Love engages our hearts. With love, it does not matter whether men see our service or not. We will not work very hard when the master is around and throw our tools down the minute his car drives out of the gate. We will not smile at him but harbor a grudge against him.

No, we will smile at our master and serve him with all our strength because we love him. Love is something far more superior than the cheap menpleasing stuff we carry on with. We could say that love is the true servant. If we do not have love in us, our service is hollow, and futile.

Today, of course, this scripture applies mostly to contractual, paid servants. But in Roman times, when Paul penned these words, most “servants” were actually slaves. And we all know who a slave is. A slave has no freedom of his own and he is to do his master’s bidding by compulsion, if necessary. And yet these slaves were the very people that Paul was addressing here, telling them to work for their masters

“with good will doing service, as to the Lord”!

I believe in our time and generation we are privileged. We have many privileges and one of them is that we are privileged to be free. Let us not abuse this freedom. Let us rather benefit from it by using our freedom to serve both God and men from the heart, with an open heart, joyfully and with all our strength.

Sharing In Abraham’s Reward Through Suffering

19 There was a certain rich man, which was clothed in purple and fine linen, and fared sumptuously every day:

20 And there was a certain beggar named Lazarus, which was laid at his gate, full of sores,

21 And desiring to be fed with the crumbs which fell from the rich man’s table: moreover the dogs came and licked his sores.

22 And it came to pass, that the beggar died, and was carried by the angels into Abraham’s bosom: the rich man also died, and was buried;

23 And in hell he lift up his eyes, being in torments, and seeth Abraham afar off, and Lazarus in his bosom. Lk. 16:19-23

Notice that when Lazarus died he was carried by angels straight into Abraham’s bosom. That little piece of news has deep spiritual implications. It means, first, that Lazarus had the same faith that Abraham had. Secondly, it translates to the fact that, ultimately, Lazarus shared in Abraham’s spiritual promise.

But Lazarus must have paid a heavy price for his faith, and this is the essence of this post. His physical condition must have been the butt of his neighbors’ jokes. I actually give this rich man credit for allowing Lazarus to be laid at his gate. But, obviously, he would not allow himself to interact further with such a lowly species.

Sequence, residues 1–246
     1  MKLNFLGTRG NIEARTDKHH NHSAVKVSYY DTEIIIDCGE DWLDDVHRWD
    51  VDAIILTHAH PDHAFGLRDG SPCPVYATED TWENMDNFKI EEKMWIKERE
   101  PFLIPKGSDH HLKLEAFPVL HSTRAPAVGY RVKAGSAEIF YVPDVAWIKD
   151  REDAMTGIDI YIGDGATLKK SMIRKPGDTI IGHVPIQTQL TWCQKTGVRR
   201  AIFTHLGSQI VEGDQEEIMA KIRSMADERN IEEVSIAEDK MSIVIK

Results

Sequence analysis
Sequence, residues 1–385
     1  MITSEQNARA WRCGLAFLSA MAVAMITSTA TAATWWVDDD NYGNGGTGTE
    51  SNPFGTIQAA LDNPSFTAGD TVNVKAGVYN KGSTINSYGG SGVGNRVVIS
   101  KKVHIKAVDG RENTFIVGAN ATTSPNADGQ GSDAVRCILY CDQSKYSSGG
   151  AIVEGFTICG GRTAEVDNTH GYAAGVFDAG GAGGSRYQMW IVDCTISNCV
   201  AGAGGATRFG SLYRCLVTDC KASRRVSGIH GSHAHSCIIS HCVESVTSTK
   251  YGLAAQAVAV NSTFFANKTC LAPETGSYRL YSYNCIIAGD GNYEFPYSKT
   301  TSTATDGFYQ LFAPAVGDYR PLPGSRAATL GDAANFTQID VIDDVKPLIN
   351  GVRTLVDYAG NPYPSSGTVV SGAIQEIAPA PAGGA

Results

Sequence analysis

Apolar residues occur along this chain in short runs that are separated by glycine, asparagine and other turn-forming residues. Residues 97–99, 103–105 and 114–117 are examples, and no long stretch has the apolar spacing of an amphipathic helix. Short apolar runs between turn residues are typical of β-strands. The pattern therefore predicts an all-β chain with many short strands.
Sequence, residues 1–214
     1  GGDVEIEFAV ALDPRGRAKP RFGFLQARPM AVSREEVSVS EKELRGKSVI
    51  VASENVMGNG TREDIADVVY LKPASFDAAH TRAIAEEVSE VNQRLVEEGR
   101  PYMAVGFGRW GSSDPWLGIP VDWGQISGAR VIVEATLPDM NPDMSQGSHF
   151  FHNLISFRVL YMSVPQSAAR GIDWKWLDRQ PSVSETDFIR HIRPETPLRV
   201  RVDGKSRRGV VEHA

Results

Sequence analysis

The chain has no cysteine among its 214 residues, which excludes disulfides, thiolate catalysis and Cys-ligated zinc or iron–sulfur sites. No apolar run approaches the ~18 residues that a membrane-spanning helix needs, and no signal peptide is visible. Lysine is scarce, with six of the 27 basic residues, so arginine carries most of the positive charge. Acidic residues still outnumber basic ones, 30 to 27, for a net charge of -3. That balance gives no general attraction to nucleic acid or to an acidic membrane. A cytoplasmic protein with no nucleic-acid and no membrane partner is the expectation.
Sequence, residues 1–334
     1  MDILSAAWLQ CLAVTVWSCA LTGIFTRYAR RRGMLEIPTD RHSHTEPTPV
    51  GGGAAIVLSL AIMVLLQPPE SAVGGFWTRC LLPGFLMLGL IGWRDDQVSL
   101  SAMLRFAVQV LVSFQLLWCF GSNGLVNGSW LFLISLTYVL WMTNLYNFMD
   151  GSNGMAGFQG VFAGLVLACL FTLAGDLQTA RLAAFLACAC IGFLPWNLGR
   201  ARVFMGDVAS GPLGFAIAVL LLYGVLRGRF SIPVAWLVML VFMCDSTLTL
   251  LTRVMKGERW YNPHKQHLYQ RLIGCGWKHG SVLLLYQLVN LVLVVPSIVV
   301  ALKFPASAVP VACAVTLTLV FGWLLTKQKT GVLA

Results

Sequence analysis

But, as he sat at his neighbor’s beautifully-emblazoned gate waiting for the crumbs, Lazarus must have shared his message of salvation to anyone who cared to listen. He preached! The rich man’s words in verse 27 indicate he was aware that Lazarus could deliver a message. He must have heard him share often of the hope that he had in him.

But I can imagine people shaking their heads as they passed by and saying to Lazarus, “If you have a God, where is He? How can you be in such a condition and claim to have this all-powerful God?”

They would have told him, “Look, man; you have a wonderful message, but we don’t see much of this great God you talk about!”

And Lazarus probably would have tried to explain to them that God is not found in outward conditions but in the things that have to do with our hearts. But people look on the outside. Few would have paid any attention to him. As far as they were concerned, he was not representative of an all-powerful God.

People of the world cannot see into God’s spiritual Kingdom. They cannot discern the deep inner work of the Holy Spirit in a man’s heart, a work accomplished through suffering. Unfortunately, this worldly spirit has also crept into the church. God’s people no longer see in the Spirit. They look on the outside. They see God only in blessings. You will hear people say, “So-and-So is so blessed! He just bought a new car.”

Well, we thank God for cars for they can take you from point A to B much quicker than walking on foot or riding on a bicycle. But cars are hardly the blessing that God promised Abraham. When you die, the fact that you owned a car will not usher you into Abraham’s bosom.

In most churches today, if someone is poor, or if they are suffering in one way or another, it is automatically translated that they do not have faith. And yet, it is in this very crucible of suffering that God works on us to perfect us! Sometimes God will even allow a sickness to stick with us just so He can work in us through it.